Friday, April 29, 2011All about babies

The seven first steps needed to choose accurately a cosmetic product for Baby

© Thinstock - L'Observatoire des Cosmétiques

For our babies, we want only the best. Further, as never before, we are ready to compromise with the principle of precaution. One is sure to do his best: nevertheless, choosing a suitable cosmetic product is not that easy. What are the data available to help us decide of its suitability, of its interest, of its safety? An ad flyer (inevitably positive: its duty is to make the consumer buy it more than to give pieces of information!), a list of ingredients … to a large extent beyond understanding, more or less informed opinions by other users … This is quite few to get the clear and believable data that would help in choosing the most suitable product.

Reading time
~ 6 minutes

A pharmacist or an M.D. may give an advice. It is also helpful to learn how to read labels and to avoid traps they may have. It is useful to understand the list of ingredients … and then knowing full well how to choose. CosmeticOBS-L’Observatoire des Cosmétiques gives you the list of the seven first steps that make it easier to choose.

I - Reason against an impulse buy

It smells strawberry scent (or an odour that reminds you of your childhood), right. Its iridescent colour would be very nice on your baby’s skin. The teddy on the label is so cute … why not buy it as a poster? This is the kind of information … that say nothing about the product, even less about its quality and harmlessness. An impulse buy may be acceptable for your make-up (or for after-shave balm!) However, never do that to choose a cosmetic product for your child. Reason –and the formula of the product– shall prevail always. Don't worry, this does not always collide with the pleasure to use it …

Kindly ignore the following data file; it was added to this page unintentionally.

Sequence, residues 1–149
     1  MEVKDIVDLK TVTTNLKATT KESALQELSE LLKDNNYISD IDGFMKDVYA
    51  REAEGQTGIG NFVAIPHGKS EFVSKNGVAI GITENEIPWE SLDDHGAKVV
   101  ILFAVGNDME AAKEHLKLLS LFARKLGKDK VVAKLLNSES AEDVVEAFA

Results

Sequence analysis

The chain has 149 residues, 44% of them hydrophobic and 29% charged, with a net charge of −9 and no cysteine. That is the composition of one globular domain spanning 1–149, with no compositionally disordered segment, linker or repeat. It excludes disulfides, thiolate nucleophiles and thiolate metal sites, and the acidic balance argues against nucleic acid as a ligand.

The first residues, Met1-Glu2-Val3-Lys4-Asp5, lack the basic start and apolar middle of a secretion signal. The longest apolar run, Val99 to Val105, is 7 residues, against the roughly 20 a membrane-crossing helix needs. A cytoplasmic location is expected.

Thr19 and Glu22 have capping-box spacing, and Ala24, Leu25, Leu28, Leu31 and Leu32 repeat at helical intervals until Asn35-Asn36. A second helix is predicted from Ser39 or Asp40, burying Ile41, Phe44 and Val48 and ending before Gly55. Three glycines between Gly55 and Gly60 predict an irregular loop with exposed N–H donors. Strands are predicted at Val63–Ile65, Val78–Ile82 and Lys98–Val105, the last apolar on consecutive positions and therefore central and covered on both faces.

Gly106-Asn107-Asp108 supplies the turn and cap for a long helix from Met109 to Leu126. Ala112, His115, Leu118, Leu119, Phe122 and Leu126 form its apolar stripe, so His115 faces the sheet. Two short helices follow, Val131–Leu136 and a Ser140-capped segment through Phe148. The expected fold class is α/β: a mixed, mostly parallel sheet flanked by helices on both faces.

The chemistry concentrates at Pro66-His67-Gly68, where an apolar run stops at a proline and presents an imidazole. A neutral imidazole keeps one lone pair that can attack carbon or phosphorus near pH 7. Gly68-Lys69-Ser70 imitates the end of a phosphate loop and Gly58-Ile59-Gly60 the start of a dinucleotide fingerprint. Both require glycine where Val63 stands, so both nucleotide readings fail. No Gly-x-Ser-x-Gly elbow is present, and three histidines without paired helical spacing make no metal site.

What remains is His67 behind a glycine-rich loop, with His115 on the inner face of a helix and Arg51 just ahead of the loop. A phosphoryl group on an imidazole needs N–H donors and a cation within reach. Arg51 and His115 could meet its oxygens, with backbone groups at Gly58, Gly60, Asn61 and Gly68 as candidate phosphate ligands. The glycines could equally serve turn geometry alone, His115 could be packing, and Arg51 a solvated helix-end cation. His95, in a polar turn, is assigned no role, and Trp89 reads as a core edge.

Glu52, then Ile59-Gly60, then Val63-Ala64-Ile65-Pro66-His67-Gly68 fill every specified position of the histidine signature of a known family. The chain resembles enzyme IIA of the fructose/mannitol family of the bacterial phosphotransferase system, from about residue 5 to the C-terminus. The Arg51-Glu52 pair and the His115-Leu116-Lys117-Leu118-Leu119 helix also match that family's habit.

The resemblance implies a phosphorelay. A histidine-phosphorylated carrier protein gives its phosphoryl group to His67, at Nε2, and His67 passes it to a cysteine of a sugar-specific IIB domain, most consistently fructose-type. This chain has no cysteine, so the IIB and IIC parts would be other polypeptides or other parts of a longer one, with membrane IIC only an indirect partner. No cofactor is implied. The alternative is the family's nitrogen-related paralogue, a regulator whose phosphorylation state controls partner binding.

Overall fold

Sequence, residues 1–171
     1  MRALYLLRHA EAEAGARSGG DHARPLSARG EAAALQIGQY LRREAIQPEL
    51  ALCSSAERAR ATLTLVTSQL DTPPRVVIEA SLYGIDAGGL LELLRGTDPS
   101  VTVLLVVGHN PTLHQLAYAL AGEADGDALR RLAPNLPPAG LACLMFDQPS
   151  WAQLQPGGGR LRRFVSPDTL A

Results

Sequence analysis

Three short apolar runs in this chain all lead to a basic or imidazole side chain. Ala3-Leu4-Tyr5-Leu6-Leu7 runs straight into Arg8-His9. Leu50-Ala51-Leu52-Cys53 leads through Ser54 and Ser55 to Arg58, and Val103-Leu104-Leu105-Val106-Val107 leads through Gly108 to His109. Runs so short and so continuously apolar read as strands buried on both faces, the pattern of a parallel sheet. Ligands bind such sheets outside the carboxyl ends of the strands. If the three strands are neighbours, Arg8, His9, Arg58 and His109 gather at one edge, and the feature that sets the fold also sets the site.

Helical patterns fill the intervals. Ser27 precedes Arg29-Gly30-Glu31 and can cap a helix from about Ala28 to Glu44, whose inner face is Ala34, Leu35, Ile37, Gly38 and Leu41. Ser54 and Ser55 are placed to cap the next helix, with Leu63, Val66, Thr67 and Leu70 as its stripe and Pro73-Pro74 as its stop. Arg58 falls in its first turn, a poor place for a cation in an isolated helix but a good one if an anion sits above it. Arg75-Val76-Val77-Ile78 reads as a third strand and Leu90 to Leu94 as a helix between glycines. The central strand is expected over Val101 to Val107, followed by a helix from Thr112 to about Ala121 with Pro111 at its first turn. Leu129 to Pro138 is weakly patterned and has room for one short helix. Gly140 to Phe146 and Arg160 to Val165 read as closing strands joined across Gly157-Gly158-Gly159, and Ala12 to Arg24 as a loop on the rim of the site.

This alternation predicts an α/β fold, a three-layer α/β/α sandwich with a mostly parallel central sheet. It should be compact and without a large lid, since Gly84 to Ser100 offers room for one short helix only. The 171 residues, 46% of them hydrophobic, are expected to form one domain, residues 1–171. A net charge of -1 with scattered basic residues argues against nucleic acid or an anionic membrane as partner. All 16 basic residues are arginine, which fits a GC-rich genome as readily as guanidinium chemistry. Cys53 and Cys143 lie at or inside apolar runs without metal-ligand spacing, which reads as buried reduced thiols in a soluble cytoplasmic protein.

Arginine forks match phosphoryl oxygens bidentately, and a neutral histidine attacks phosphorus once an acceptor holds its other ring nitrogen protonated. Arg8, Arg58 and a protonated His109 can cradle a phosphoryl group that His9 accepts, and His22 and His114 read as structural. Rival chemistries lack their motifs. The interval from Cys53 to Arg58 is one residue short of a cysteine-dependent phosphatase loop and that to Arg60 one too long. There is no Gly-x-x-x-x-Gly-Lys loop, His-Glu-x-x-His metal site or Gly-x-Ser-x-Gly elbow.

II – Stop the preconceived ideas

Sold in chemist’s shops. Therefore, it is safe! It is organic . Therefore, it is good! It is " Recommended by dermatologists ", so, obviously it is good for skin!

Well … not necessarily. Some products sold in chemist’s shops may contain ingredients that are nowadays suspected to be toxic for our organism. Some organic products contain too much Alcohol or essential oils to be suitable for young children. Some labels display "recommendations", omitting to let us know who made them: the highlighted "dermatologists", are they independent, paid by or even employees of the manufacturer?

Every time, whatever the cosmetic product , whatever the distribution network, better not to buy in total confidence, based on a preconceived idea. Better to form an objective idea by reading the label of the product and its list of ingredients.

Also see
• the "The-Without-mention-in-cosmetics" article

III – The list of ingredients, better than the sales pitch

It is mild, it is written on the label (further, with large capital letters)! It's "With Sweet Almond oil ", "Guaranteed Parabens -free", "rich in soothing active ingredients" …

Mild? Sometimes, the pink colour of the label is far milder than the surfactant used in the shower gel … The Sweet Almond oil may be in tiny quantities in the product, even in smaller quantities than another oil, maybe a mineral oil produced by the petrochemical industry. Parabens -free, nice … until we know what they are replaced by: other preservatives that are more allergenic or as likely to be harmful, no preservative at all … or acceptable and safe substances? How many soothing active ingredients, which ones, along with which other ingredients maybe less soothing , or even irritating ?